October 6, 2022

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David McCullough, best-selling explorer of America's past, dies at 89

David McCullough, best-selling explorer of America’s past, dies at 89

David Job McCullough was born in Pittsburgh on July 7, 1933, one of four children of Ruth (Rankin) and Christian McCullough. If he knew of a dark day in his early years, there seems to be no record of him. In interviews, he talks about loving the city schools he attended and having a healthy mix of interests, including reading, sports, and drawing cartoons, all with the encouragement of his parents.

In 1951, he went to Yale University, where he became a member of the secret student society at Yale Skull and Bones and drew inspiration from an English language faculty that included Robert Ben Warren, John O’Hara and John Hersey. He later said that lunchtime conversations with playwright and novelist Thornton Wilder particularly influenced his approach to choosing subjects—first, paying close attention to them—and taught him the importance of maintaining “an air of freedom in the story line,” even when writing nonfiction.

Mr. McCullough graduated in 1955 with Honors in Arts. He has thought about writing novels or plays or, on the other hand, going to medical school; At the event, he signed as a trainee for Sports Illustrated, which had started the previous year. Then came the writer-editor jobs, first at the US Information Agency in Washington and then at the history magazine American Heritage.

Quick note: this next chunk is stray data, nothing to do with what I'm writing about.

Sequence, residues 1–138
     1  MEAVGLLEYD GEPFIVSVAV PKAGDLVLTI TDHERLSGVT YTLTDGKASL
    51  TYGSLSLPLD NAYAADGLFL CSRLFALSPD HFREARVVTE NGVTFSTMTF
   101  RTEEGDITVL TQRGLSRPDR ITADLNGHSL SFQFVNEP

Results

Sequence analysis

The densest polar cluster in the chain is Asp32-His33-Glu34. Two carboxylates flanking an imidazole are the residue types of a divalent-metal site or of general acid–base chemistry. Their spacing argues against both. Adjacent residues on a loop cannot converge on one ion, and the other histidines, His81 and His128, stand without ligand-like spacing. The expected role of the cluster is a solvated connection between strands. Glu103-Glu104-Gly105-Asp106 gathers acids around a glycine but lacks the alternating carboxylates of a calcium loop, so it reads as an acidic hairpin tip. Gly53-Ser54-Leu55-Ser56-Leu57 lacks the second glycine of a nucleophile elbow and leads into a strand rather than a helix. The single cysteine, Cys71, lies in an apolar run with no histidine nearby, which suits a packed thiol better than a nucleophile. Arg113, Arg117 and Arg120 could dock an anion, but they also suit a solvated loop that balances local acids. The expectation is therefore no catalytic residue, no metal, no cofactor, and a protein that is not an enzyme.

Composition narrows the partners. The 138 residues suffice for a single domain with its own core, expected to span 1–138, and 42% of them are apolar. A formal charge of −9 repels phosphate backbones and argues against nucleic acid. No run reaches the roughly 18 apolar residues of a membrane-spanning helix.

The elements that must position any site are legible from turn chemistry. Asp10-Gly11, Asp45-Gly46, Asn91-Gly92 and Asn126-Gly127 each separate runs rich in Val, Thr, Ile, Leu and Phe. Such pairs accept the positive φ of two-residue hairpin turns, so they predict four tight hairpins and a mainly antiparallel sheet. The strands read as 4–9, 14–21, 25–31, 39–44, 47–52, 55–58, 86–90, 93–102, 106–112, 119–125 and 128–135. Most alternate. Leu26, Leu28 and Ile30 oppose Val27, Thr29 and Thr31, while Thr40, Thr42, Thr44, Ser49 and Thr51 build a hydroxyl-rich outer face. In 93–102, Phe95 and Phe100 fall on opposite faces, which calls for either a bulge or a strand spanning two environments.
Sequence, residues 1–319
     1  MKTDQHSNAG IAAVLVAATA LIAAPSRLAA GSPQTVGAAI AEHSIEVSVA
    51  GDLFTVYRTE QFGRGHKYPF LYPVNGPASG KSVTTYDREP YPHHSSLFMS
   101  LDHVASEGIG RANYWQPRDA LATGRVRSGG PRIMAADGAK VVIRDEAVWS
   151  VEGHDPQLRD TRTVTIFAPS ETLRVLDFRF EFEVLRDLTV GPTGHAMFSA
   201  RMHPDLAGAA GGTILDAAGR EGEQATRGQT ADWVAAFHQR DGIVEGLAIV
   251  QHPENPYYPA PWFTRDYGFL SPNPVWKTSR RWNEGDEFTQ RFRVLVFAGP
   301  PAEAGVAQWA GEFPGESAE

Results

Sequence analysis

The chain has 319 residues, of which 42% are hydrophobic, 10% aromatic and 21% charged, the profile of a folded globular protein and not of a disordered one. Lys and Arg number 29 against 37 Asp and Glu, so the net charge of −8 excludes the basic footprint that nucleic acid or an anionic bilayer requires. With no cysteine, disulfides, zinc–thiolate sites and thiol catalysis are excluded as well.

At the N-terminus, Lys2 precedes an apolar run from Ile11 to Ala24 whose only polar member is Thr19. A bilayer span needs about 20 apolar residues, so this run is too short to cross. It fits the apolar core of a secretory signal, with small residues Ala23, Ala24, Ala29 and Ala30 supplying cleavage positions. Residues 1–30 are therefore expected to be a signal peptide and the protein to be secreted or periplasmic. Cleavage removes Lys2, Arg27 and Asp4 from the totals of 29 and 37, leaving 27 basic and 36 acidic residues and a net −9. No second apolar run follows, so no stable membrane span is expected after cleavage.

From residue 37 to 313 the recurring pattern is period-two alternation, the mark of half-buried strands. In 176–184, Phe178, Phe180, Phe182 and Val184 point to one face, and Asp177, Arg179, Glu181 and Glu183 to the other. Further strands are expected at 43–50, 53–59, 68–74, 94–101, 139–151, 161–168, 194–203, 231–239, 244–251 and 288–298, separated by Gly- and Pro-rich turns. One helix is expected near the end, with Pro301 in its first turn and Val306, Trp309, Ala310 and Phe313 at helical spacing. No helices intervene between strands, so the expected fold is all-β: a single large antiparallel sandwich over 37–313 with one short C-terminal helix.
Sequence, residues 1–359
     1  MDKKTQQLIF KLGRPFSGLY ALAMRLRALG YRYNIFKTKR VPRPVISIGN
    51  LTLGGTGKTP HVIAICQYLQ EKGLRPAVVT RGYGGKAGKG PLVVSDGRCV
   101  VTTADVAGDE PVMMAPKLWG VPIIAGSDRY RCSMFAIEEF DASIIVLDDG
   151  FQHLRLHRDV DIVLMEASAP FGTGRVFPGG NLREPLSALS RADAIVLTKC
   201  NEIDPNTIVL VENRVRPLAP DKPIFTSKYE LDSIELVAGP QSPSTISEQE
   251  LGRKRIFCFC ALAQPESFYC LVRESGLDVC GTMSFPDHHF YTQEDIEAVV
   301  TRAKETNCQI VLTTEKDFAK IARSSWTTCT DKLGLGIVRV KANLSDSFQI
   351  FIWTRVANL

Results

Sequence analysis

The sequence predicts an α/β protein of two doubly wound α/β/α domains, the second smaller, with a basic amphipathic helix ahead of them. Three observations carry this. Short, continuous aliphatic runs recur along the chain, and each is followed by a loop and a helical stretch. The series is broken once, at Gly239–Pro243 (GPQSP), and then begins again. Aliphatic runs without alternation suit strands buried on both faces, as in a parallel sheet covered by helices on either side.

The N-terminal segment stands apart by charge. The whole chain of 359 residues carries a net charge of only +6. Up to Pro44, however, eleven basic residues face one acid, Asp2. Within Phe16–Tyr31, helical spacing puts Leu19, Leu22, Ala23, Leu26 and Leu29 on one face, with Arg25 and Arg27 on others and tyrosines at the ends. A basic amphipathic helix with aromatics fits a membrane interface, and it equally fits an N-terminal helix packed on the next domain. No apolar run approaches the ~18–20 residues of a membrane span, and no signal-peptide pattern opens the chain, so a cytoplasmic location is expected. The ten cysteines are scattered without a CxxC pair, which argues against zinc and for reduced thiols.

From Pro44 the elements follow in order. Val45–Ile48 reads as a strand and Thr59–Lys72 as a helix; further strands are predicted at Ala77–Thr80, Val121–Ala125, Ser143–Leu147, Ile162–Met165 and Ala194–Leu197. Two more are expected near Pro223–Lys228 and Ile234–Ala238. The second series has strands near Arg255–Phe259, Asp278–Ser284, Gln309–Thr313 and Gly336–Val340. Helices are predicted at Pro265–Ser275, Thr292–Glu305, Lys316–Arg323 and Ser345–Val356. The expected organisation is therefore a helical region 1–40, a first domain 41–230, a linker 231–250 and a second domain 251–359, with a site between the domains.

Working on nights and weekends over three years, he completed his first book: The Jonestown Flood, published in 1968, made him someone who could take a familiar story—the great dam failure in Pennsylvania in 1889 that killed more than 2,000 people— And give her more life. “Great job,” wrote Alden Whitman of The Times. “Scientific yet alive, balanced yet decisive.”

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With the success of “The Johnstown Flood” and the support of his wife, he took a leap of faith, quitting his day job writing history and biography full time while the couple raised five children. Throughout his career, Mr. McCullough and his wife have been reading his early drafts aloud to each other – a practice he is credited with greatly improving his writing. Mrs. McCullough He passed away in June at the age of 89 At the family home on Martha’s Vineyard, Massachusetts, where she grew up. He had met Rosalie Barnes at a ballroom in Pittsburgh when they were teenagers, and they married in 1954.